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1  Using Arduino / General Electronics / Re: 1st read of DS18S20 temp sensor is wrong on: May 20, 2013, 03:13:47 pm
Code:
ds.write(0x44,1); // start conversion, with parasite power on at the end
The important word in the comment is start. You aren't giving the device time to finish the conversion so the first time through you get rubbish.
If you have the resolution set to 12 bits (I think that's the default), it takes 750 milliseconds to do the conversion. I give it 800 just to be sure:
Code:
ds.write(0x44,1); // start conversion, with parasite power on at the end
delay(800);

Pete
That makes sense, but I never would have thought of that.  Thanks.  I'll try it when I get home.
I just got my code updated, and it works great.  Thanks again.
2  Using Arduino / General Electronics / Re: 1st read of DS18S20 temp sensor is wrong on: May 19, 2013, 06:46:47 pm
Code:
ds.write(0x44,1); // start conversion, with parasite power on at the end
The important word in the comment is start. You aren't giving the device time to finish the conversion so the first time through you get rubbish.
If you have the resolution set to 12 bits (I think that's the default), it takes 750 milliseconds to do the conversion. I give it 800 just to be sure:
Code:
ds.write(0x44,1); // start conversion, with parasite power on at the end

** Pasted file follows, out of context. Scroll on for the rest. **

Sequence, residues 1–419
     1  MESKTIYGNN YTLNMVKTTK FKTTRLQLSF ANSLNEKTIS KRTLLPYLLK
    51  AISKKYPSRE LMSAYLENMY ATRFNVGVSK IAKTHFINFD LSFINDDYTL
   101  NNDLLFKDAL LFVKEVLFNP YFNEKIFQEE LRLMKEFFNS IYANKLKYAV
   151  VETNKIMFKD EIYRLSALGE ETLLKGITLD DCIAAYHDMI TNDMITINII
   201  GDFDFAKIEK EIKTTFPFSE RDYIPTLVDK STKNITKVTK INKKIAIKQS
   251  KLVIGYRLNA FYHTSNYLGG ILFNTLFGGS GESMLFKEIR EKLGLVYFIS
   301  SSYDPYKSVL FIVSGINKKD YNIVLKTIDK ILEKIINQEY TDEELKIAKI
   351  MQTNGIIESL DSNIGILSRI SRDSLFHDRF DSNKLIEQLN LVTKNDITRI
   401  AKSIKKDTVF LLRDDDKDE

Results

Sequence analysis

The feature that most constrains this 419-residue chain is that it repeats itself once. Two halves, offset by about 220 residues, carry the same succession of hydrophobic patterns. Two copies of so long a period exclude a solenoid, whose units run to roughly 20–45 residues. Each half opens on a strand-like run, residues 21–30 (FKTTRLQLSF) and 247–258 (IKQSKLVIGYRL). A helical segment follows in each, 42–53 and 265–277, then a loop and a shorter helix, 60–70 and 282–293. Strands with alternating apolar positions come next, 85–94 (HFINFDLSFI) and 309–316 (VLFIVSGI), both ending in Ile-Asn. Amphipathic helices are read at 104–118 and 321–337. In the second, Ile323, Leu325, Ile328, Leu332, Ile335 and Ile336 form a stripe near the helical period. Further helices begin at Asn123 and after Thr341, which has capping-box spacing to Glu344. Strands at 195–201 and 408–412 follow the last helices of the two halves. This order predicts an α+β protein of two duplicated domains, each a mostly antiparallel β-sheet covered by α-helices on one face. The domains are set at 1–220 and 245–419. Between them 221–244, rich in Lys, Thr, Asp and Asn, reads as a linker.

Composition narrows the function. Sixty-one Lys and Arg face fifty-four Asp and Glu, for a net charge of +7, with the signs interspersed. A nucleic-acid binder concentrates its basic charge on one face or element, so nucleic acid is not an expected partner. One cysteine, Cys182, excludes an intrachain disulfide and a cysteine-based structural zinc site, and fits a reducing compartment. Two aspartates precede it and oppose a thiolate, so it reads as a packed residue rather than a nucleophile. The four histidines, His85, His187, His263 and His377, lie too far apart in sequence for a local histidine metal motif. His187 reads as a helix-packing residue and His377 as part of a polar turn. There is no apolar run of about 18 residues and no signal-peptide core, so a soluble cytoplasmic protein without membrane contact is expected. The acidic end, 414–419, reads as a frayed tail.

delay(800);

Pete
That makes sense, but I never would have thought of that.  Thanks.  I'll try it when I get home.
3  Using Arduino / General Electronics / Re: 1st read of DS18S20 temp sensor is wrong on: May 19, 2013, 06:45:42 pm
Normally you should check the CRC == data[8] after reading

Check out the Dallas Temperature Control Library (google is your friend)
Thanks for the tip.  I'm so new, I don't even know what to Google.  This helps.
4  Using Arduino / General Electronics / 1st read of DS18S20 temp sensor is wrong on: May 19, 2013, 04:38:30 pm
My project includes a transmitter with 4 buttons.  When any one of these buttons is pressed, my code reads a temp sensor and then starts a generator.  I've posted just the temp reading portion of my code below.  The rest of the works fine once the temp is read correctly.

When I plug in my usb cable the first time and hit a Tx button, the temp is always read as 185.  When I press the button immediately after, the temp reads correctly.  This website is the source for the temp reader code I'm using.  I don't fully understand it, but I'm trying to.  How do I get rid of the errant first temp reading?

Code:
/*
reads the temp sensor when a button on the Tx is pressed
*/

// OneWire used to read DS18S20 temp sensor